Spring is creeping in, and with it later sunsets
Signs of spring have already started creeping in — red-winged blackbirds have returned, turtles are basking on warm, sunny days, green sprouts are starting to spring up from the forest floor — but we will make it official in March, with meteorological spring beginning March 1 and astronomical spring following a few weeks behind.
Astronomical spring begins at the moment of the spring equinox, which this year will be at 4:24 p.m. March 20. The equinox is the exact moment when Earth's equator passes through the sun's centerpoint, according to NASA. We experience two equinoxes a year: the spring equinox, also called the vernal equinox, each March and the autumnal equinox every September.
Equinox means "equal night," and while spring and fall begin with an equinox, winter and summer start with a solstice. A solstice occurs when Earth reaches its highest (in the summer) or lowest (in the winter) point in the sky at noon, according to the National Weather Service. This is why we experience the most daylight on the day of the summer solstice and the least daylight on the day of the winter solstice.
Remember, though, that when you experience the seasons depends on what hemisphere you live in. When it is summer in the northern hemisphere, it is winter in the southern hemisphere and vice versa.
Both equinoxes and solstices are related to Earth's tilt and its relationship with the sun, which affects the amount of daylight we receive each day, NASA reports. In the spring, days are getting longer, with earlier sunrises and later sunsets, leading up to the day with the most amount of sunlight — the summer solstice. In the fall, the opposite is true. The sun rises later and the sun sets earlier, leading up to the day with the least amount of sunlight — the winter solstice.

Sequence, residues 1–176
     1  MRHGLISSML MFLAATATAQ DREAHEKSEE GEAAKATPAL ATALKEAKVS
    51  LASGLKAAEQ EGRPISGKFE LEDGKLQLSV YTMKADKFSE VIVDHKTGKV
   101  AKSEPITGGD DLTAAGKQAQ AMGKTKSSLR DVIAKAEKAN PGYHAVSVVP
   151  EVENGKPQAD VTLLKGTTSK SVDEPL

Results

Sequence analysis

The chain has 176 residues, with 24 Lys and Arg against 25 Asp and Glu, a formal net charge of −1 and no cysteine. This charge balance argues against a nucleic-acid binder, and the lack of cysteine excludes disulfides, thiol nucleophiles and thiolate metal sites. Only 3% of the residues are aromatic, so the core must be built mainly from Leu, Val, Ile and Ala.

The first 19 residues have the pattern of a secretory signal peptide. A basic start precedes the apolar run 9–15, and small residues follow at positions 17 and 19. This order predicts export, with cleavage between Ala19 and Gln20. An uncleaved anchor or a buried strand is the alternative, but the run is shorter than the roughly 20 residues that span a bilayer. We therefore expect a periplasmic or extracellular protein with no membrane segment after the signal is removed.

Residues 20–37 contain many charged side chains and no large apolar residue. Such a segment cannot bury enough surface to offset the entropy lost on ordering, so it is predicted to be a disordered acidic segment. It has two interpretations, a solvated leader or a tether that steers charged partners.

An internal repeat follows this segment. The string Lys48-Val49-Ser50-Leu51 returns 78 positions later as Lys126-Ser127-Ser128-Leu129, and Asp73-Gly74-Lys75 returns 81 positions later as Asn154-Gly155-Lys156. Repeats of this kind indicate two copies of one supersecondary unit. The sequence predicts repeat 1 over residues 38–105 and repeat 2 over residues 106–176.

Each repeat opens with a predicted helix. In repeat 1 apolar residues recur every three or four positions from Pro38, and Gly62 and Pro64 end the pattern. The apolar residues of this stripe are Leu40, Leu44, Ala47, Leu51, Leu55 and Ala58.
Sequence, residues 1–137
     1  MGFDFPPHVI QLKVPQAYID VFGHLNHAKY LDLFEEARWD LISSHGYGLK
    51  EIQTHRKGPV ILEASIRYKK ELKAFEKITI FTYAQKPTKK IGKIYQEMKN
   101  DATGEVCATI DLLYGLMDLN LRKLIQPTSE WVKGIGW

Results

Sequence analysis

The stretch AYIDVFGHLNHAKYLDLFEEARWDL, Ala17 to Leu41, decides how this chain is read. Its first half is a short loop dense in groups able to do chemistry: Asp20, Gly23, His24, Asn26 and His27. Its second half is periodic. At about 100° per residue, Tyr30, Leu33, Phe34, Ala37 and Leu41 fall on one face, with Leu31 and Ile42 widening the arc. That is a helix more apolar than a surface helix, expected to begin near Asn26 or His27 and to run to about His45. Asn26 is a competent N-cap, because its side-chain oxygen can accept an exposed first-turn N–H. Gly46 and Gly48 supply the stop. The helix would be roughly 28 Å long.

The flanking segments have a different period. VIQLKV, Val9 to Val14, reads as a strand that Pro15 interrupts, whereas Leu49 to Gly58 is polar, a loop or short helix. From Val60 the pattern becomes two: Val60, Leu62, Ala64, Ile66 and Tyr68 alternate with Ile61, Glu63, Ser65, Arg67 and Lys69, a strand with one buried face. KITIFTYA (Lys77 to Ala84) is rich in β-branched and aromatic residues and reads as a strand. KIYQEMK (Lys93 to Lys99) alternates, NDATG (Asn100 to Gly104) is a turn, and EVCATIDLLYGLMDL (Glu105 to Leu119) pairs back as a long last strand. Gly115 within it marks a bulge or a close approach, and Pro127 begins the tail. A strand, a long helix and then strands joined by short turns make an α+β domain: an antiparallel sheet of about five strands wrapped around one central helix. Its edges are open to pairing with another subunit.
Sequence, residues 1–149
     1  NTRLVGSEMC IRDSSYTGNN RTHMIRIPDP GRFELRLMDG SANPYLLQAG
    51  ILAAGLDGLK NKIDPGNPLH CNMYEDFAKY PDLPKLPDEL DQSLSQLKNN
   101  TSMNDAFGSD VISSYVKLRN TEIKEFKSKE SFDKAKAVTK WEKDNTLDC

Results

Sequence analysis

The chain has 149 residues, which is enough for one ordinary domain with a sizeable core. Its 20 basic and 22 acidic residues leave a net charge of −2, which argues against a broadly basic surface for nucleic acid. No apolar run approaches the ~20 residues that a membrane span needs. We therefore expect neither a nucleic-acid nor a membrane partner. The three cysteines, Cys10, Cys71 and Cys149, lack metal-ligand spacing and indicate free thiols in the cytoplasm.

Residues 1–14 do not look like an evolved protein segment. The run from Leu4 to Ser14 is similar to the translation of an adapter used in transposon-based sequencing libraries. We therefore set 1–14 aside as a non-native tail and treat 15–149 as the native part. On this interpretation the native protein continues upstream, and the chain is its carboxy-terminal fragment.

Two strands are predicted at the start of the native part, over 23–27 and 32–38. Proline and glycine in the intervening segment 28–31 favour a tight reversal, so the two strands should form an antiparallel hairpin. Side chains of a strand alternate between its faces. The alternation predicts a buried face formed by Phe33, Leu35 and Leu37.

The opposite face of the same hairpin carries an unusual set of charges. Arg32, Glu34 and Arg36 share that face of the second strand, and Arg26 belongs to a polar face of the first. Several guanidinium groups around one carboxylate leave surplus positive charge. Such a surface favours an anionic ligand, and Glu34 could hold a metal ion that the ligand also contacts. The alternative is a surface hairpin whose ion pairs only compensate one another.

Of course, we get a little assist in the daylight department each spring because of daylight saving time, when we move the clocks ahead an hour at precisely 2 a.m. March 12. We may get a little less sleep that night as a result, but we also get an extra hour of daylight.
The first observance of a daylight saving time was in 1916 in Germany during World War I, when resources were limited and the German government decided it was necessary to maximize what could be done during daylight hours, National Geographic reports. The United States adopted the daylight-saving scheme in 1918.
Today, daylight saving time is somewhat controversial and the subject of legislation at the state and federal level to abolish the practice, Reuters reports. And not all U.S. states and territories observe daylight saving time. Hawaii and most of Arizona do not, nor do American Samoa, Guam, Puerto Rico and the U.S. Virgin Islands.
In March, Will County will gain almost two and a half hours of daylight between March 1 and 31. To start the month, the sun will rise at 6:27 a.m. and set at 5:42 p.m. By March 31, the sun rises at 6:37 a.m. and sets at 7:16 p.m.
At the beginning of the month, our two brightest planets, Jupiter and Venus, will rendezvous, appearing to almost touch in the sky on the night of March 1. Take a look just after sunset to see these two planets pass within a half a degree of one another, according to National Geographic.
The March full moon will occur at precisely 6:40 a.m. March 7, and it will appear full in the night sky on both March 6 and 7. The March full moon is known as the worm moon. This nickname was originally thought to be because earthworms would make their way up to the soil's upper level, attracting birds for a meal. While this explanation is logical given the time of year, some tribes of Native peoples actually called the March full moon the worm moon because of the worm-like beetle larvae that typically begin to emerge from bark, leaf litter and other vegetation at this time, according to The Old Farmer's Almanac.
The March full moon actually has many different nicknames used by different Native groups. Worm moon is the name used by the Dakota and some other Native groups, while the Ojibwe called it the sugar moon, referencing when sap begins to flow from sugar maple trees, The Old Farmer's Almanac reports. Other names used for the March full moon include the eagle moon, goose moon, wind strong moon and sore eyes moon.
In Christianity, if the March full moon occurs before the spring equinox, which it does this year, it is known as the Lenten moon, USA Today reports. When it occurs after the equinox, it is known as the paschal moon.